Many parents and teachers think that lower-level books are better for kids to read. This is a misconception that newer reading programs are trying to address. In recent years, new reading programs have opted to increase the amount of reading kids do during the school day.
So that you know, this article may include affiliate links at no cost to you. You can read my full disclosure at the bottom of the page.
Reading grade level books is an important component of reading development. The most recent Nation’s Report card (NAEP) shows that a large percentage of kids are struggling to reach their grade level reading levels. As a result, researchers are encouraging schools to use reading curriculums that increase reading exposure for kids.
Over the last years, school districts are referring to the Open Up Resources organization to choose reading curricula for schools. Open Up Resources is a non-profit organization that focuses on increasing equity in education by making excellent, top-rated K-12 curricula freely available to districts. They review and recommend curricula authored by experts, designed for diverse classrooms, supported by professional learning, refined by teachers, and available to teachers in digital and print.
Open Up Resources reviews curricula for grade levels from kindergarten to high school. Their website contains English language arts curricula and mathematics curricula for middle and high school. Their website is a one-stop shop for curricula and professional learning vetted by experts and researchers.
Changes in reading instruction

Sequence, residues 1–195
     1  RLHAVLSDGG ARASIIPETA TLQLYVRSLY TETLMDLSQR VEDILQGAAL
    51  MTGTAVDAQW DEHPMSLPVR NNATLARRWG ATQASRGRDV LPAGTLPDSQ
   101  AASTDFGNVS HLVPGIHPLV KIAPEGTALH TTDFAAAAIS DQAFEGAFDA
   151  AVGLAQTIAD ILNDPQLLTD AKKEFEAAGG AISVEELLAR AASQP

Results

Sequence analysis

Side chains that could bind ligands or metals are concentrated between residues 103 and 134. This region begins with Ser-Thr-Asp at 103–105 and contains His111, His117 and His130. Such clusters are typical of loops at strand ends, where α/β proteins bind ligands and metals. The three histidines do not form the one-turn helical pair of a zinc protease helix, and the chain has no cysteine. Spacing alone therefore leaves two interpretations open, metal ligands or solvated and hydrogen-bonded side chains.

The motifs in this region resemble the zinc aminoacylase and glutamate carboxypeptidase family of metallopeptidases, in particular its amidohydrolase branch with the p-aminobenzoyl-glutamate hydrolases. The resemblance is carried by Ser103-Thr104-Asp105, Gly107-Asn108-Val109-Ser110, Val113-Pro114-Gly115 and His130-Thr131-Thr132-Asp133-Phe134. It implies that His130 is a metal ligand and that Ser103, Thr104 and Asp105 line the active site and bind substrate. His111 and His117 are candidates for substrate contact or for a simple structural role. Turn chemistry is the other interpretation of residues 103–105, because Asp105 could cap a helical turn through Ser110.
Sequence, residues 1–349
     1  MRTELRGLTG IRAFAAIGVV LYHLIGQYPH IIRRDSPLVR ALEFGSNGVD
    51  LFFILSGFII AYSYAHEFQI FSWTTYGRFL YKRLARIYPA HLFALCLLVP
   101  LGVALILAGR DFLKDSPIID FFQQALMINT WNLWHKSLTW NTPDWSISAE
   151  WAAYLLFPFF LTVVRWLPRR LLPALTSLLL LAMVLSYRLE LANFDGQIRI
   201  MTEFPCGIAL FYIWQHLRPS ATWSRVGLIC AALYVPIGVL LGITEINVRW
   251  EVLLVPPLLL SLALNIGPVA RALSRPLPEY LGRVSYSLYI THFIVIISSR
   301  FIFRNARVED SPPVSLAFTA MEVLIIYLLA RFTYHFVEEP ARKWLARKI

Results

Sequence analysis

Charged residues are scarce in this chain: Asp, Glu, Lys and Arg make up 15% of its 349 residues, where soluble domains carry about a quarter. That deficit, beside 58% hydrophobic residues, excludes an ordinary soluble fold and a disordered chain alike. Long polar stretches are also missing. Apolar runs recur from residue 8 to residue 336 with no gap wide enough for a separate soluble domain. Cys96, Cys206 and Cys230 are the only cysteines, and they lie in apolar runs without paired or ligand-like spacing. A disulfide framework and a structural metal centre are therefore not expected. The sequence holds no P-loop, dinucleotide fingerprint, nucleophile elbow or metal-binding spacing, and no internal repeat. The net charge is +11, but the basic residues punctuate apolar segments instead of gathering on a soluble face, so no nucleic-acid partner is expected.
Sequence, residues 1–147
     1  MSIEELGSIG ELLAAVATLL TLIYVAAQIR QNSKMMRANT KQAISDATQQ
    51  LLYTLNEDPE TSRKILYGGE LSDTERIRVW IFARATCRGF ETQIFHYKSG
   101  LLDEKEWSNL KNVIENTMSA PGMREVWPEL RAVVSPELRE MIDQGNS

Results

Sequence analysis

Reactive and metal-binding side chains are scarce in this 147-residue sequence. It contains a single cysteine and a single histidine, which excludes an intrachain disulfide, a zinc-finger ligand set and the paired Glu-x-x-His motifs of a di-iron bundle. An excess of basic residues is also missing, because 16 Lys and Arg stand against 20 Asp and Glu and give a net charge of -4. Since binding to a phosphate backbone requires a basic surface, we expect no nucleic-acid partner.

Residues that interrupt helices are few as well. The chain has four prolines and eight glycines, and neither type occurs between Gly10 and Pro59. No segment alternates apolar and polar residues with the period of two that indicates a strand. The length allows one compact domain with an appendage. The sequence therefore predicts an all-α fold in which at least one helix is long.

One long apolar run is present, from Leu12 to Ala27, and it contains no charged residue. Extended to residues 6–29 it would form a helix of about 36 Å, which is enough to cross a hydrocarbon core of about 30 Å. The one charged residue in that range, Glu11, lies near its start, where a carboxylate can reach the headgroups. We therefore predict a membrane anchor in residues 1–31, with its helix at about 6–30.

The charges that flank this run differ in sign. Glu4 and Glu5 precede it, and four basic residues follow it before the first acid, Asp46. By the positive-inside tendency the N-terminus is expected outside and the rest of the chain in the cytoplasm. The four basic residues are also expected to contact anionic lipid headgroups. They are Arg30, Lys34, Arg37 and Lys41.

Researchers Tim Shanahan has a dedicated presentation titled Teaching Struggling Readers with Grade Level Text that I highly recommend for teachers and parents to watch. The presentation presents how kids benefit from learning to read using grade level text and how teachers can use grade level text to teach reading.
What is clear from this presentation and many other researchers is that learning to read is a challenging task. To learn to read, a student must master foundational skills before they can comprehend grade-level text. When a child comprehends text, they can make sense of ideas expressed in text.
Timothy Shanahan has done extensive classroom observations throughout the United States as a reading expert. His observations have found four distinctive misconceptions he often sees in classroom observations. These misconceptions are patterns that I often hear from educators about learning to read.
To teach kids reading, teachers mistakenly:
- Move students to easier text
- Read aloud text to students
- Tell students what texts say
- Ignore the problem
All four misconceptions are examples of way some educators negatively influence reading development in the classroom. Each misconception lowers learning expectations for students. As a result, student reading ability slows down and in some cases reading development is capped. The above four misconceptions can be detrimental to reading development. When we choose not to teach students using text at their respective grade levels, we deny students the opportunity to thrive. This holds kids back in reading development and contribute to learning gap.
Using Lexile Levels
Lexile levels can help ensure that we expose kids to grade-level text. A Lexile level is a score that provides educators a way to interpret reading level. Lexiles are one way to predict how hard a text might be. To predict text difficulty, developers determine how complicated a text’s vocabulary and sentence complexity are.
The chart below shows the equivalent Lexile levels to grade level. For instance, you’ll see that a book with a Lexile level of 640L to 850L is considered at the 4th to 5th-grade level. According to the below Lexile level chart, a typical 4th and 5th grader can read that book with about 75-89% comprehension.
This is when the importance of teaching and exposing kids to grade-level text comes into play. The chart below also shows the text-level difficulty the Common Core Standards recommended. In the example above, 4 and 5th-grade kids should be taught using 740 to 1010 Lexile level. In other words, researchers recommend teaching kids to read books that go up to CCSS bands.
|Common Core Standards Bands
|450L – 730L
|420L – 820L
|640L – 850L
|740L – 1010L
|860L – 1010L
|925L – 1185L
|960L – 1120L
|1050L – 1335L
|1070L – 1220L
Exposure to grade-level text